P.S. fbb usually finishes his daily blog the previous evening and sets the fiendishly clever gubbins to publish it at 0200 the next day. For what the industry often calls "operational reasons", tomorrows effort will appear, bits and bytes permitting, at 0600. Unfortunately the post was released in error (briefly) on Friday afternoon due to digital (fingers) and digital (computer) imcompetence. fbb apologises unreservedly to First Bus and Transdev for breaking the news embargo.
Very early on Sunday morning the women went to the tomb, carrying the spices they had prepared. They found the stone rolled away from the entrance to the tomb, so they went in; but they did not find the body of the Lord Jesus. They stood there puzzled about this.
There is no particular need to challenge the veracity of the various narratives referring to the empty tomb. The reaction of those who went to complete the interrupted burial rituals was a mixture of fear, frustration and confusion. None of the initial reactions countenanced a resurrection.

The challenge is how best to interpret what they found.

In the end there a only two possibilities. Either Jesus did rise from the dead, however unpalatable that might be to the cynical secularist; OR he didn't rise from the dead. Both options provoke a series of further questions.

But if he didn't, there really is only one further query that matters. Why did no-one produce a body? That would be the drop-dead easy way to scotch the resurrection rumour-mongers at a stroke. Why not a "cunning plan" to produce a badly battered replacement body? Accounts reveal that the temple spin-meisters bribed the guards to keep quiet and began mendacious rumours that the disciples had stolen the corpse. But they did not arrest a single follower of Jesus. Why not?

The (interpreted) truth seems to be that even the enemies of Jesus had to accept that the empty tomb was, literally, a super-natural event.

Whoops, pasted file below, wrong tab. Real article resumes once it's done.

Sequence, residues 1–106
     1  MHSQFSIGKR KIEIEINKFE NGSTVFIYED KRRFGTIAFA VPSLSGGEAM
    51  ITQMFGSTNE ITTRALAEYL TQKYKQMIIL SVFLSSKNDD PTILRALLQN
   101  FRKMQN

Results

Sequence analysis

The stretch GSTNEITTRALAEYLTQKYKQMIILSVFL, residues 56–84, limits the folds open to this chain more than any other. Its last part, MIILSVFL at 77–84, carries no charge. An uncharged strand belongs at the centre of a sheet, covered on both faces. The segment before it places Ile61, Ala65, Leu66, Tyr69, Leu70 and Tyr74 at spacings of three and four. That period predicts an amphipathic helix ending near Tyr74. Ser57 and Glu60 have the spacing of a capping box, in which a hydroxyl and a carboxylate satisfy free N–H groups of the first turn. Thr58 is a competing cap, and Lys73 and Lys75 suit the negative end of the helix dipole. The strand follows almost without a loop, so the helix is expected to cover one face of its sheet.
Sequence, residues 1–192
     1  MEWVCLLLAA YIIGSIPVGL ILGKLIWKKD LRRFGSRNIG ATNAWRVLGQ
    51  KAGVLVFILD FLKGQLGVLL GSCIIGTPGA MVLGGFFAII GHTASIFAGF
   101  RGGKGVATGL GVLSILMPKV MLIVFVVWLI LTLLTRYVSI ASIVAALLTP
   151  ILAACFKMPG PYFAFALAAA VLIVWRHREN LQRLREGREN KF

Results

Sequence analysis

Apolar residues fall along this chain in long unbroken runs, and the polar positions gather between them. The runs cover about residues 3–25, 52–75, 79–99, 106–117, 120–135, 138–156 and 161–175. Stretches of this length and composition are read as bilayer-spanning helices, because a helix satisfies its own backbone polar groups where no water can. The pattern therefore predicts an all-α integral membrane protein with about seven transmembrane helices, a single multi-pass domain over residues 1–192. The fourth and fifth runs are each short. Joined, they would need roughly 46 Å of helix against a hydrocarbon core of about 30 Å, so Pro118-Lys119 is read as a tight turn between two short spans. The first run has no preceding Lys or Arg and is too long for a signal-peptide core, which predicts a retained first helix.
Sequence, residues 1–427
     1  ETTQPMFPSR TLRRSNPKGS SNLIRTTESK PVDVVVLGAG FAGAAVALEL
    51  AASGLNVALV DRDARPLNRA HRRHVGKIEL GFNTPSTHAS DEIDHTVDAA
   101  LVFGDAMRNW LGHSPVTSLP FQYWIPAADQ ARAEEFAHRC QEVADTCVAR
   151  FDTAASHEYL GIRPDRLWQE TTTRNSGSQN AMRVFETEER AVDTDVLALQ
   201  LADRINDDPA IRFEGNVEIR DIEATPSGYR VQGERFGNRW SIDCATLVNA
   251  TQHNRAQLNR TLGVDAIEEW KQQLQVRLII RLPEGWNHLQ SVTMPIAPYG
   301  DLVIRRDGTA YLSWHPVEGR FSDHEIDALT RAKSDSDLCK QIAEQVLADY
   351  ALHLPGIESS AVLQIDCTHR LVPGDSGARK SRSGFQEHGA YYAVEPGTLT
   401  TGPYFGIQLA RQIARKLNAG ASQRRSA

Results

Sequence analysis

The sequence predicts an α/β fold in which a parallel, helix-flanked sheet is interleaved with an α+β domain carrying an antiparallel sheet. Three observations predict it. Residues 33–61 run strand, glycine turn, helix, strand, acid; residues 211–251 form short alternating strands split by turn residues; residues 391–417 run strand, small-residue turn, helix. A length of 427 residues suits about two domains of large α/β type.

So, if he did rise from the dead ...

The implications are huge, not least for the eternal future of you and me and the world itself.

The dead were judged according to what they had done, as recorded in the books. Then the sea gave up its dead. Death and the world of the dead also gave up the dead they held. And all were judged according to what they had done. Then death and the world of the dead were thrown into the lake of fire. (This lake of fire is the second death.) Those who did not have their name written in the book of the living were thrown into the lake of fire.

Laughable ludicrous imagery or an attempt at the terrifying truth? The empty tomb means we all have to decide.
Happy Resurrection Day!**
Enjoy the chocolate!
** "Easter" takes its name from a Norse God "Eostre" referred to by the 5th century writer, "the Venomous Bede"(?). Sadly, there is no evidence that such a Goddess ever formed part of the Norse canon of Deities. So Christians in the UK name the most important festival of the year after a non-existent pagan Norse Goddess. Only quirky Brits could manager such a daftness.

1 comment:

  1. A bit unfair, as, if you look at the Stagecoach timetable, the 8A is clearly an infrequent variation of the 8, and is shown in that context. So it shows where the recurring minutes start and end for the 8/8A as a whole, not just for the 8A. From Leven, it applies between 0940 and 1620 on Saturday, so there is an 8A at 1000 and every hour until 1600, but then the 1700 is delayed to 1710 as the combined frequency drops from 20 minutes to 30, then 60 for the evening. All perfectly clear in the public timetable, but not in in FBB's extract, which loses that detail.